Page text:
13. moral necessity

    moral necessity Puritan Board Junior

    With regard to the original question, I don't think that any of us believe we have the liberty to disobey God. All here are in agreement with this. The question is over what God commands the Gentiles, as well as the Jews, to do after the arrival of the Messiah. My opinion at this time is that, even before the Messiah arrived, God did not require Gentile believers to submit to the law given by Moses, and that after the arrival of the Messiah, all Jews were called to leave Judaism and the law of Moses for Christ. I think the 10 commandments were, in principle, present before Moses, and were adapted by him for the nation of Israel for their dwelling in the land of Canaan, until the advent of the Messiah. Since his coming and fulfilling of the law, the principles of the commandments remain in effect, but the adaptation of them for their application in a "nation-like setting" are no longer necessary. I refer to Luther for a better wording of this position. If anyone has the resource, you will find much thought on this subject in Luther's Works, Volume 47, pp.58-119. With regard to my brothers who view the issue otherwise, my blessings and my fellowship are with them in all sincerity and loyalty. In my partly renewed and mostly depraved mind, this view currently makes more sense to me. I hope those who differ in thier opinions with one another would extend grace, and stand with Paul when he says, "and if in this anyone is inclined to think otherwise, God will reveal that to you also." Below is an excerpt of Luther from this work of his cited above.

    From pp.90-94 - "And later when he (Moses) wants to set up a special law and nation apart from all others, as has been commanded to do, he first introduces God himself; he is the universal God of all the nations, who gives the universal Ten Commandments-which prior to this had been implanted at creation in the hearts of all men - to this particular people orally as well. In his day Moses fitted them nicely into his laws in a more orderly and excellent manner than could have been done by anyone else. Circumcision and the law of Moses, however, were not implanted in men's hearts; they were first imposed by Abraham and Moses on their people."

    "We and all Gentiles are just as duty-bound as the Jews to keep the first commandment, so that we have no other gods than the only God. But we Gentiles have no use and can have no use for the phrase which modifies this commandment and which applies solely to the Jews, namely, "who brought you out of Egypt, out of the exile," etc., I would be like a sow entering a synagogue, for God never performed such a work for me. God would punish me as a liar; I would be making an imaginary god out of him. Yet I must recite and keep all the other words of the first commandment. I may also say, "You are my God, the God and also the Creator of us all, who, to be sure, led the children of Israel out of Egypt, but not me; however, you did lead me out of my Egypt and my exile." Thus the first commandment remains common to both Jews and Gentiles. It is especially adapted and suited to the Jews with reference to the exodus from Egypt, just as everyone after his own exile can and should name and praise the God of all as his own God and Helper."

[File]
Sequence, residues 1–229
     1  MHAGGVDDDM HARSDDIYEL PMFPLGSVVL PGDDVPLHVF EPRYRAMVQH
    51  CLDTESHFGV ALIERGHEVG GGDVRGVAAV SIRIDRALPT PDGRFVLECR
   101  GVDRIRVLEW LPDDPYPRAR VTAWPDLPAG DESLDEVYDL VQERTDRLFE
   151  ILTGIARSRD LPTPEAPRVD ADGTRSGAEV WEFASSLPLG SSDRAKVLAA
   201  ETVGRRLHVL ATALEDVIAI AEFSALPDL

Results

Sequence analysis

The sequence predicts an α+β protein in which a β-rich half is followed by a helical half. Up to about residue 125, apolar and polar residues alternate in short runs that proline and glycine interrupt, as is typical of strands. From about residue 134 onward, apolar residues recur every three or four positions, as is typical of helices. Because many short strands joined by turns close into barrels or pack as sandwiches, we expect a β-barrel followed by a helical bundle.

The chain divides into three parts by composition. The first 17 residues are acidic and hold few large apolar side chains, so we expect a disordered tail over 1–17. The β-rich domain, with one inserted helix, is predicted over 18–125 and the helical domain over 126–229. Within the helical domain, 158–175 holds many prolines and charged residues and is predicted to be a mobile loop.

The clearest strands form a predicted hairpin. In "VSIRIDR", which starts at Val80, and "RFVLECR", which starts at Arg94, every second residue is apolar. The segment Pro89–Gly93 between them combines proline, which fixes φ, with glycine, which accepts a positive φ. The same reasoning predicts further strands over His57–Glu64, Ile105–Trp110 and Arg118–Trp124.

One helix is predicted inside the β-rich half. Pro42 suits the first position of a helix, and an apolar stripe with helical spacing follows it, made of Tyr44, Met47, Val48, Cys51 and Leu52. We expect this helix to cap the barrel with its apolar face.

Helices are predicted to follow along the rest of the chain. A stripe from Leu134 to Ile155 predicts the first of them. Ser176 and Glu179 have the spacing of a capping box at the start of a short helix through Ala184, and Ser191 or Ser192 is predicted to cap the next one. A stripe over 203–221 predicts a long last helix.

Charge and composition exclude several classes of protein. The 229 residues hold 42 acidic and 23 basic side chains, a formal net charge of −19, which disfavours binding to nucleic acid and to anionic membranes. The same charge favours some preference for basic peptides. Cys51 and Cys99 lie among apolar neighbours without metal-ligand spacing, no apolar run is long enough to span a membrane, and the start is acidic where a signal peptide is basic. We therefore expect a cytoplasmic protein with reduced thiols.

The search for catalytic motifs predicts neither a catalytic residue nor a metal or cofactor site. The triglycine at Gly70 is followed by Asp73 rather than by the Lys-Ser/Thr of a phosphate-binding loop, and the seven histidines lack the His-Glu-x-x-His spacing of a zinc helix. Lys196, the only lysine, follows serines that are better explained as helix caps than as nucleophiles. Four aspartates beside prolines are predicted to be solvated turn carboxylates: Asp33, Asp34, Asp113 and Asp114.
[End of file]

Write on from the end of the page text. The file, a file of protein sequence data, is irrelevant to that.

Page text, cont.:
"It is as if a prince or the head of a household wished to establish an ordinance for his country or his house because God had rescued him from great need and he wanted to show his gratitude, as perhaps Naaman the Syrian did or might have done (I Kings 5). He also would begin by teaching first about God, how he alone should be worshipped and regarded as the true God, able and willing to deliver from every need all who trust and believe in him, whatever nation it may be,...After that the prince or the head of a household would continue by enunciating the ordinances for his country or his house."

    "In this way the prince would not have imposed the ordinances of his country on all other countries which did not experience this help, nor would he have had the authority to do this, even if he at the outset first commanded that they should worship and honor the true God of all countries. That is what Moses also does. When he is supposed to organize his people, who have been delivered from Egypt, he first lets God himself issue his Ten Commandments,which pertain to all of mankind. Subsequently, and still at God's command, he gives the people the particular laws of their country, which do not concern other nations. As Moses' people were obligated to obey these ordinances because God had given him this command, so each country and each household is duty-bound to observe the ordinances of its prince and head of a household. For these also are the commandments of God, who ordained all the governments of the world (Rom.13:1)."

    "Similarly, the third commandment concerning the Sabbath, of which the Jews make so much, is per se a commandment that applies to the whole world; but the form in which Moses frames it and adapts it to his people was imposed only on the Jews, just as with regard to the first commandment none but the Jews must believe and confess that the common God of all the world led them out of Egypt. For the true meaning of the third commandment is that we on that day should teach and hear the word of God, thereby sanctifying both the day and ourselves. And in accord with this, ever after to the present day, Moses and the prophets are read and preached on the Sabbath day among the Jews. Whereever God's word is preached it follows naturally that one must necessarily celebrate at the same hour or time and be quiet, and without any other preoccupation only speak and hear what God declares, what he teaches us and tells us."